In addition to the formal events, there was the powerful connections made among the attendees in the hallways, at lunch, in the exhibit hall, and during the fabulous social events.  You’d like to think that these connections make for powerful opportunities that last beyond the event.  That’s always the hope of conference organizers.

In addition to the renewed friendships, there’s the new ones formed on the spot.

Doug, meet Sandy.  Sandy, Doug.

How do you maintain the strength of the connections and expand people’s networks after the event?

I’ve written before about my thoughts of “Why #FollowFriday is so important“.

For a while now, I’ve gone through the exercise of identifying Ontario Educators who are actively tweeting and recognizing their efforts on Friday mornings with my own “FollowFriday” postings.  It’s not that they’re the only important contributors but there’s something special about making those Ontario connections.

Twitter easily facilitates global discussions.  But the Ontario Curriculum and current issues are the ties that bind we Ontarians and are not to be ignored.

So that’s why you’ll see messages like this:


from me in the early hours on a Friday.  Early, so that it doesn’t clog up the Twitter stream for those who don’t care – at least in the Eastern Timezone.  Sorry Europe and beyond.

I had a couple of interesting private Twitter messages today that helped frame this post.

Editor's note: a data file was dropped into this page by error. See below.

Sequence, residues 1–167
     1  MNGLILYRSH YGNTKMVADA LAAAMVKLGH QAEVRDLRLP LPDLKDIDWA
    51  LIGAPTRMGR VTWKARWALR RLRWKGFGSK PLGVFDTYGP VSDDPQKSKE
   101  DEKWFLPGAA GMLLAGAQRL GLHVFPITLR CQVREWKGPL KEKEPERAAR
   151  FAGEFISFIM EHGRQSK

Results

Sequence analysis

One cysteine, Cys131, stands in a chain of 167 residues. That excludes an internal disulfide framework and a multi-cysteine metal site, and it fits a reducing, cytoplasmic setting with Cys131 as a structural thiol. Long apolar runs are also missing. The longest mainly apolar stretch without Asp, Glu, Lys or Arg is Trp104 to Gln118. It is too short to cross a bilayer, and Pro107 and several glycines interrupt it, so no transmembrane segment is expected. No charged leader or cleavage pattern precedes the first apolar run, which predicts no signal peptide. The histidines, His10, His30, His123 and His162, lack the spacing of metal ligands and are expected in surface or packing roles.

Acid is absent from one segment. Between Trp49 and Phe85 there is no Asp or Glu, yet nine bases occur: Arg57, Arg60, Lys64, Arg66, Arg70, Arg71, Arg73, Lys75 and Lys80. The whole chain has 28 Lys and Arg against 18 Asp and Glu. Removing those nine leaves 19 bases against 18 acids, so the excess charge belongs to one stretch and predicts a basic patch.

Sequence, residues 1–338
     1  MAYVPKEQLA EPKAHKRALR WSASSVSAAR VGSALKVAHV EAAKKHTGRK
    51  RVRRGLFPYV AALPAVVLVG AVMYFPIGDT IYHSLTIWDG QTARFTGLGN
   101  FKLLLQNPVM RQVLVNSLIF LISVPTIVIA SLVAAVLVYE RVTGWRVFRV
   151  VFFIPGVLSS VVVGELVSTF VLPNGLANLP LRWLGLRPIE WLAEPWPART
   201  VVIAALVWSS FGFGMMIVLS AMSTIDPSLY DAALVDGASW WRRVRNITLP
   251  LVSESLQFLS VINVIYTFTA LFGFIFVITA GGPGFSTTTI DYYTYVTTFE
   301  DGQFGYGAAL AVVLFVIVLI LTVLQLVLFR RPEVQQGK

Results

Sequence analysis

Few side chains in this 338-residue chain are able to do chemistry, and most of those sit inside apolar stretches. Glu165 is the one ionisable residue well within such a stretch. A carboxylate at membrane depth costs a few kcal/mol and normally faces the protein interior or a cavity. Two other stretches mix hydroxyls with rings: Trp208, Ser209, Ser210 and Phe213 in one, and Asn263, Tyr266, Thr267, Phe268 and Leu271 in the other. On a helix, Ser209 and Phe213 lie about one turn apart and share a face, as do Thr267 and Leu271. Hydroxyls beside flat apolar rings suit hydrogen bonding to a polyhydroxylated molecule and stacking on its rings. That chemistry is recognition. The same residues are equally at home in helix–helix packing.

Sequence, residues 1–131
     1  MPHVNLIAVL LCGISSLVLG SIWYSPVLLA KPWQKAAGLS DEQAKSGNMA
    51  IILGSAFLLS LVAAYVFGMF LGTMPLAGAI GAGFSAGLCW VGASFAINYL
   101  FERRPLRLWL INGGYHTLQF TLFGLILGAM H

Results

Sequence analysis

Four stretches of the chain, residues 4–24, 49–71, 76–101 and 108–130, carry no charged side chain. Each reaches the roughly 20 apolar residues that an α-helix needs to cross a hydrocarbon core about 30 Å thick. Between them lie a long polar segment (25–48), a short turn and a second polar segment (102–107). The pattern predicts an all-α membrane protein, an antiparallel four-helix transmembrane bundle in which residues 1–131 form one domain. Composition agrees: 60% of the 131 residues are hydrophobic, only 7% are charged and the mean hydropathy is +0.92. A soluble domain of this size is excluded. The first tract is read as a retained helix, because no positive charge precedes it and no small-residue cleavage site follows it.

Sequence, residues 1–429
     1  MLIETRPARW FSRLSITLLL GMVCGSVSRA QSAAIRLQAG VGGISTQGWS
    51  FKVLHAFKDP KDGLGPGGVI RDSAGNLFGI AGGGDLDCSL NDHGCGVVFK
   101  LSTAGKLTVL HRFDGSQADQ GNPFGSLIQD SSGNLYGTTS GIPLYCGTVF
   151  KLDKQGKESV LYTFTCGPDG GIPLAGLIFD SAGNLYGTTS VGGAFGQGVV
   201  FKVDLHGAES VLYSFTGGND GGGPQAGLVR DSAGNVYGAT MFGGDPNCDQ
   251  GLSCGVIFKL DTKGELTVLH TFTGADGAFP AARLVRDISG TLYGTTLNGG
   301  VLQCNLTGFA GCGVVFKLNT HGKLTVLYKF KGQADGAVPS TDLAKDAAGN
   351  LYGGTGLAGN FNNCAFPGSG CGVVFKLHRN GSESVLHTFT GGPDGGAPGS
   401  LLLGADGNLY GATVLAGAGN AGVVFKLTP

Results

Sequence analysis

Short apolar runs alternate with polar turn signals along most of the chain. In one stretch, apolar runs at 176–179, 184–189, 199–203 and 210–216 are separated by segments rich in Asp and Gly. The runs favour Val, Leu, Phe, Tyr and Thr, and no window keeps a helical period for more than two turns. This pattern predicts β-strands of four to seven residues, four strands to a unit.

1)  “Didn’t you use to post the #FollowFridays quicker?” – Yes, I did.  I had a pretty good set of scripts that harvested names for me and made it easy.  Twitter has changed the rules about how to access messages so I’ve had to scrap the original plan.  My current routine is a little more manual that I’d like so it does take a bit to pull this off but I’m working on it.

2)  “When I log into Twitter, seeing the other Twitter IDs clumped with mine is just like a face to face introduction.  I follow them immediately.”  That’s another activity that’s become organic with this.  Some people when they see a message with their name in it elected to reTweet the message.  I never thought of that but really like it.


What it does is amplify the concept.  It’s almost a decree to follow some new people.  And, doesn’t that allow us to expand the Ontario Network and continue the Ontario conversation?

If you missed the list of people identified this morning, I created the Storify below.

[View the story “#Active Ontario Educators” on Storify]

The complete listing of Ontario Educators is stored in two Twitter lists.

To get yourself added to the list, send me a message or complete the form located here.